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Johnny Depp's dogs face death in Australia's 'War on Terriers'

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Johnny Depp's dogs face death in Australia's 'War on Terriers'


Hollywood star Johnny Depp is at the centre of a row in Australia over two illegal immigrants called Pistol and Boo.

The culprits have reportedly fallen foul of the law because, as Yorkshire Terriers, they were brought into the country without respecting the country’s strict procedures on importing pets, including quarantine checks.

Now the dogs face a race against time to avoid being put down. They must leave Australian territory within 72 hours, the government said, or they would be euthanised.

For some, the issue draws a parallel with Australia’s policies on immigration and asylum seekers, which have been criticised by Amnesty International and the Australian Human Rights Commission.

Which rules have been broken?

Australia has strict laws governing what can be brought into the country, to protect the island nation from pests and diseases.

The Department of Agriculture’s website sets out a 19-step process for importing dogs, of which the first 18 steps are supposed to be taken before arrival in the country.

They range from checking vaccinations and testing for diseases, to booking quarantine accommodation.

The Australian government took the highly unusual step of issuing a statement on Depp’s dogs, referring to a public figure but without mentioning the 51-year-old actor by name.

The department became aware of an illegal animal importation on Tuesday 12 May, the statement said.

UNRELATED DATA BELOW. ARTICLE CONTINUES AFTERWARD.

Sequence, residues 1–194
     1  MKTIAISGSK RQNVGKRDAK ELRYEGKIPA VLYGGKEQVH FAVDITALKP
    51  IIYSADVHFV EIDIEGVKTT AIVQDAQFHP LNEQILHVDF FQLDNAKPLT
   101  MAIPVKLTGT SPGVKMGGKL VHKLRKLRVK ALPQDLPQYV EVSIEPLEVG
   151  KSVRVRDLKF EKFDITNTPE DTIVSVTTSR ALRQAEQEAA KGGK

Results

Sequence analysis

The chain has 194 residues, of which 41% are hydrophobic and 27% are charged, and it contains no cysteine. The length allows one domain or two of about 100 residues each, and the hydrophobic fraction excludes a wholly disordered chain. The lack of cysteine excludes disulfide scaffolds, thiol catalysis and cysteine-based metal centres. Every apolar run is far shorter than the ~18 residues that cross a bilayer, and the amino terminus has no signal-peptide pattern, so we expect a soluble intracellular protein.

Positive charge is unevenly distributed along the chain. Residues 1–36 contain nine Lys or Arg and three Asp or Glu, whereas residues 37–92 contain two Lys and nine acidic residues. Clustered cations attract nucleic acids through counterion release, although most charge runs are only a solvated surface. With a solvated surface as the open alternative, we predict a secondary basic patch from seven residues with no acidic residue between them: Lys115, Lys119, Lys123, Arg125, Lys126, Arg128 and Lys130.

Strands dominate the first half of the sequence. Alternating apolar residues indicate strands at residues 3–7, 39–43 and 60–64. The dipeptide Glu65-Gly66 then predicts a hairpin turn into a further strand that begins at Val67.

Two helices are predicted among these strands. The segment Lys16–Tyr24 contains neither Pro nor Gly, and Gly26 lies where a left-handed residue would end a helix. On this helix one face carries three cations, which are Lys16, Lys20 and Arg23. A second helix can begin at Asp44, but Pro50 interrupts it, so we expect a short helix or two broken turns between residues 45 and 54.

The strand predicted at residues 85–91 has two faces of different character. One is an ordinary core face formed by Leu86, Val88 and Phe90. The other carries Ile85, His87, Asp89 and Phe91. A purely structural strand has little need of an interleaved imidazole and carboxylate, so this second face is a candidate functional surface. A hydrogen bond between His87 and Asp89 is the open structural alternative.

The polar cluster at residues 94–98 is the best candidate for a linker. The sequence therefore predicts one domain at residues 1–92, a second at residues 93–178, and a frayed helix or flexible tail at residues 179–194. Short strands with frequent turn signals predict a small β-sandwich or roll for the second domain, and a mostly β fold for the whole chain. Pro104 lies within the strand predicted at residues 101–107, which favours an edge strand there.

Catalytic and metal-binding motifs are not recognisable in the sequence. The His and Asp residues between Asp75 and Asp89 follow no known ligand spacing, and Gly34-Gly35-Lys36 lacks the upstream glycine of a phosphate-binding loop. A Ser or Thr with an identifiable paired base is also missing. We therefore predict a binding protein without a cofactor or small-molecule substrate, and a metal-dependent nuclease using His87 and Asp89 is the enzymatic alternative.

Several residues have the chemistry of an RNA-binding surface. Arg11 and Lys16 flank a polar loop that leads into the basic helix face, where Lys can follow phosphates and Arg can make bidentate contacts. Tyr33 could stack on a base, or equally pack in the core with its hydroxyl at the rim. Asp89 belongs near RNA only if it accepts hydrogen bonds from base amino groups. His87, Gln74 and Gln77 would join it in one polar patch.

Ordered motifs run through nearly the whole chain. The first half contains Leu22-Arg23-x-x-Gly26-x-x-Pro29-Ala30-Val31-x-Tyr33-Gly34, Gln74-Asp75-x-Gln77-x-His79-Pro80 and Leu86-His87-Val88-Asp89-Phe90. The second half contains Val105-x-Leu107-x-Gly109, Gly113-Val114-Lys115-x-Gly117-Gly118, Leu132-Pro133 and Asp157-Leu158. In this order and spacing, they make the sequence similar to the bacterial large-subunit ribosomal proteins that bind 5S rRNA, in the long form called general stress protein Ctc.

The Agriculture Minister himself, Barnaby Joice, used slightly less diplomatic language. It was time the dogs “buggered off back to the United States,” he was quoted as saying.

How did the authorities find out about Depp’s dogs?

Johnny Depp came to Australia for the filming of Pirates of the Caribbean 5. The animals reportedly bypassed customs when they were brought into the country in his private jet.

They were found out when a picture was tweeted of the Hollywood pooches at Happy Dogz, a pet grooming parlour in Queensland.

“A biosecurity officer attended a Gold Coast property on 13 May and found two illegally imported dogs,” said the government statement. “The dogs have been ordered into quarantine and the owners have been advised the dogs must be exported within 72 hours.”

How have people reacted in Australia and elsewhere?

And where has Australia’s #WarOnTerrier got to now?

Every story can be told in many ways: see the perspectives from Euronews journalists in our other language teams.

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